We took a great interest in the increasing popularity of the XR movement. Currently, there are controllers that need either external sensors or are bulky, and one must use these to interact with the XR environment. We wanted to change that. We wanted a sensor that could interact with the XR environment without having the need for external sensors or bulky equipment. Using our passion for robotics and our inquisitory questions for XR, at this hackathon, we created a product that utilizes the best parts of XR (the immersiveness, the reality, the controllers) and incoporated some of our own ideas (robotic arm, re-vamped controller, camera for AR) to create a unique products that will open new paths for XR technology.

What it does

We incoporated multiple IMUs as our sensors for data collection. Then we read the data from Unity and parsed the data in Unity using a Kalman Filter to clean out data and then output it in Euler angles that can then be read by the motors. The motors will take information provided to them and turn in a specified direction in a specified rotation by the code. We put a camera on top of the robotic arm to show the possibilities of adding modules to our arm. We use Arduinos for both data capturing and the motor portion, and Unity was used for the both the data parsing and the image acquisition, which was then sent to our VR headset to be viewed remotely.

How we built it

We combined our many expertises to furnish the product. We had to use the Arduino C code IDE to help do the motor code and the data acquisition. Both required superior EE skills and coding experience to complete. We had those already wired and on this hackathon, we focused on cleaning out more of the data and adding a new component to our system: the VR headset. We had to use Unity to interact with the headset and we put a video display on there to show our future plans.

Challenges we ran into

Some challenges we ran into were downloading the Unity SDK for the VR headset and making it work. It was difficult as nobody on our team had a lot of prior experience with Unity and so we had to do all the VR things from scratch. It was definitely helpful to have mentors in the vicinity who could help us develop and add the video to our VR. Another challenge was making our motors run. With our limited electronics experience, we were dumbfounded at what was happening as we are unsure of whether it was an electronics problem or a software problem. It was definitely difficult debugging and we are still currently debugging our motor problems.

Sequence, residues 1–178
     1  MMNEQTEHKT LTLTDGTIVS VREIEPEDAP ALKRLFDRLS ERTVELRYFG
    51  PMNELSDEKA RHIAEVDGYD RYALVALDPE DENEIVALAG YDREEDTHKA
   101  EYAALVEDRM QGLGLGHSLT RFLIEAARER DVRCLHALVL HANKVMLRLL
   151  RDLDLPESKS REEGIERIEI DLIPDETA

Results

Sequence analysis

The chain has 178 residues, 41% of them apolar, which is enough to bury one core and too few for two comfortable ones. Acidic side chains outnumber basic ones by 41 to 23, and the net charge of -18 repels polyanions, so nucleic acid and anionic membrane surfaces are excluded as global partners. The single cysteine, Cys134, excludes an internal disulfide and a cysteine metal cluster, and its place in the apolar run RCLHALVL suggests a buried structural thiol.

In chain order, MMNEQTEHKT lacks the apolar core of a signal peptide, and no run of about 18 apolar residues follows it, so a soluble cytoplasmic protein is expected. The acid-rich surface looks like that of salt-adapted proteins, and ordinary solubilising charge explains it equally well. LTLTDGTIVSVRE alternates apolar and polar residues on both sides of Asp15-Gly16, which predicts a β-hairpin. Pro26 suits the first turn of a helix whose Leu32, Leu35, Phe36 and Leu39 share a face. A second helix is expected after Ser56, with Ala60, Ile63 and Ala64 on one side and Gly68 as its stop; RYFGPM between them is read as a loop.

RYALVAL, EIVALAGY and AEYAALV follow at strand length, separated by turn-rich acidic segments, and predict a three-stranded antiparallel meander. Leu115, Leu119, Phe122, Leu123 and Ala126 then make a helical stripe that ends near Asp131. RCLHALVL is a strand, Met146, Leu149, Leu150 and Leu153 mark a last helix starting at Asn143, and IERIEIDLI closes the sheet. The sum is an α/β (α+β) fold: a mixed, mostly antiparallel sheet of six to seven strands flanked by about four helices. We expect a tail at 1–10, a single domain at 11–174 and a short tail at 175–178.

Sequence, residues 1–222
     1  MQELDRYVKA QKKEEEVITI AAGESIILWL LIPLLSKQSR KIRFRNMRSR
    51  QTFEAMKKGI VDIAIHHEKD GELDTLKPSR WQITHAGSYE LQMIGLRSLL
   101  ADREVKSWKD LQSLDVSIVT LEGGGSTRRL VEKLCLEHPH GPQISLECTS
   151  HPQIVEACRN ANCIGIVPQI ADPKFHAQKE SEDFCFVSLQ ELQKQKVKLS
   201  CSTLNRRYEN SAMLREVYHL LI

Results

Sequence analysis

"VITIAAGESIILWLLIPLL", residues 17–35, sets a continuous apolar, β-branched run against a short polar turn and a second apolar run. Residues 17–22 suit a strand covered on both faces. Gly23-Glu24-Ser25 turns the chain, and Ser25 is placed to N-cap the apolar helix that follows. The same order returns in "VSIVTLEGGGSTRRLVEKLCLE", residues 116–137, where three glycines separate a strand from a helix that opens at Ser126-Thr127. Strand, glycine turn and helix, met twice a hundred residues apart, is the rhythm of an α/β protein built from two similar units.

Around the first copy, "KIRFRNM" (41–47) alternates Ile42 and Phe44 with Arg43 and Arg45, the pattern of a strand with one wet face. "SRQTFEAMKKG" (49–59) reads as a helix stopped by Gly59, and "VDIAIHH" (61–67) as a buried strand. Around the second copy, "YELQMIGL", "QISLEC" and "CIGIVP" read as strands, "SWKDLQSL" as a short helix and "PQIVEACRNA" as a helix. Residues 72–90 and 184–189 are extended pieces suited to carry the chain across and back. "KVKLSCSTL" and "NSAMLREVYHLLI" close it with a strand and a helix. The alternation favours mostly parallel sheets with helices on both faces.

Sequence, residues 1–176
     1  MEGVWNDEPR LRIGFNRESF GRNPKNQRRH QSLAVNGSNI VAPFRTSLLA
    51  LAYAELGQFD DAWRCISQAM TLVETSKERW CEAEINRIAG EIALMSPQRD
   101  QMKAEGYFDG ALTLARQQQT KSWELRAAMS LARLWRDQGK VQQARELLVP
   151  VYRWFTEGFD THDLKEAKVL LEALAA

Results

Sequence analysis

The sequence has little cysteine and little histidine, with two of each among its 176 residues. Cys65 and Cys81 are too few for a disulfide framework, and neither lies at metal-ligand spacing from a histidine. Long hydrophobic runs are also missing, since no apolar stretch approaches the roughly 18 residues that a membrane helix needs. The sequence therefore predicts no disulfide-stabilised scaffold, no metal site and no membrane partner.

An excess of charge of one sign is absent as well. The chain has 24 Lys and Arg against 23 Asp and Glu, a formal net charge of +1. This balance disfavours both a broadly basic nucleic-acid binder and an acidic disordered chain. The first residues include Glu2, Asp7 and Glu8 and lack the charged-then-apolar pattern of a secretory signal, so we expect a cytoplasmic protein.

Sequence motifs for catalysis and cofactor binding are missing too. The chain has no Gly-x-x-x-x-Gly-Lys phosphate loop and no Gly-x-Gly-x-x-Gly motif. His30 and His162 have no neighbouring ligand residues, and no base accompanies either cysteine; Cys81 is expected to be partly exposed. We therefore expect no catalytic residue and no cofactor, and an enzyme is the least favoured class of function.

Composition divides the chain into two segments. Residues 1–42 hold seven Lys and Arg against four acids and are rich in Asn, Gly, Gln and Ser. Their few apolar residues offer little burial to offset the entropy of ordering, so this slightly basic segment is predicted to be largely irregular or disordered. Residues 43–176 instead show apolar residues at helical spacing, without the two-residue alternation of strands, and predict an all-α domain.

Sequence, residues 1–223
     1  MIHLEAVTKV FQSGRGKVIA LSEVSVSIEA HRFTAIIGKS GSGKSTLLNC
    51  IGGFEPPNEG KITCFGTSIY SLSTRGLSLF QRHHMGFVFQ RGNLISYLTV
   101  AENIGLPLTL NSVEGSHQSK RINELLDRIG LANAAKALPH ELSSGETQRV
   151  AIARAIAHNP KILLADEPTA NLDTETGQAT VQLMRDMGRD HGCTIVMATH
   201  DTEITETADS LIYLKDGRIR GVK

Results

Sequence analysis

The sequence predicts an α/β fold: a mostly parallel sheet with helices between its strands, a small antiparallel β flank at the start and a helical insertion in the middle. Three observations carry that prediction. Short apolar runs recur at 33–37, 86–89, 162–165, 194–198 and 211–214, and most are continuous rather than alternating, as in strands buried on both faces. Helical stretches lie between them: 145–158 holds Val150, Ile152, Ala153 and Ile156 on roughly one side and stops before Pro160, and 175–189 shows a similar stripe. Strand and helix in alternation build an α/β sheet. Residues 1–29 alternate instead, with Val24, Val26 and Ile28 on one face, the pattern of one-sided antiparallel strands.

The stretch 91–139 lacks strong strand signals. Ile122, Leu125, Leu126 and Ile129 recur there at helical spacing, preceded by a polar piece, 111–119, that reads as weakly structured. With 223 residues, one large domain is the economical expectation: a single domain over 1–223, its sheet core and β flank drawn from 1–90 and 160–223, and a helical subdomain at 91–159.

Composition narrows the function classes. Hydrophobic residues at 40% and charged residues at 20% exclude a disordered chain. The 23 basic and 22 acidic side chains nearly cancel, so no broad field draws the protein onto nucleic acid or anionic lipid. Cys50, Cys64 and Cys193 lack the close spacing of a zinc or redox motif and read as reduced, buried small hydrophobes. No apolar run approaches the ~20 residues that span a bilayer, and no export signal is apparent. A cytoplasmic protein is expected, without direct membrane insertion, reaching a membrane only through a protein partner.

Accomplishments that we're proud of

We are definitely proud of being able to incoporate the Unity portion as we had to experience with the VR headset. It was also a difficult leap forward in doing the motor code as we are trying to refine it with our limited C++ experience. Having to recreate a robotic arm at the event was definitely also a big accomplishment.

What's next for KalmanKidz's Glove Project

Next, we are planning on adding a lot of AR elements in to it, including maybe incorporating ML for object detection etc. Also, we are thinking about providing a lot of different demos on Unity to help out with the VR and adding a lot of different demos will allow us to have more possibilities with using our glove. To further develop the glove, it is imperative that we gain some sort of VR interactive device as none of us have any. With the second place prize, we would be able to further test our thing in VR even after the hackathon. For this reason, we hope you choose to award the VR headset to allow us to continue our testing and hopefully implement this in the future. Thank you!

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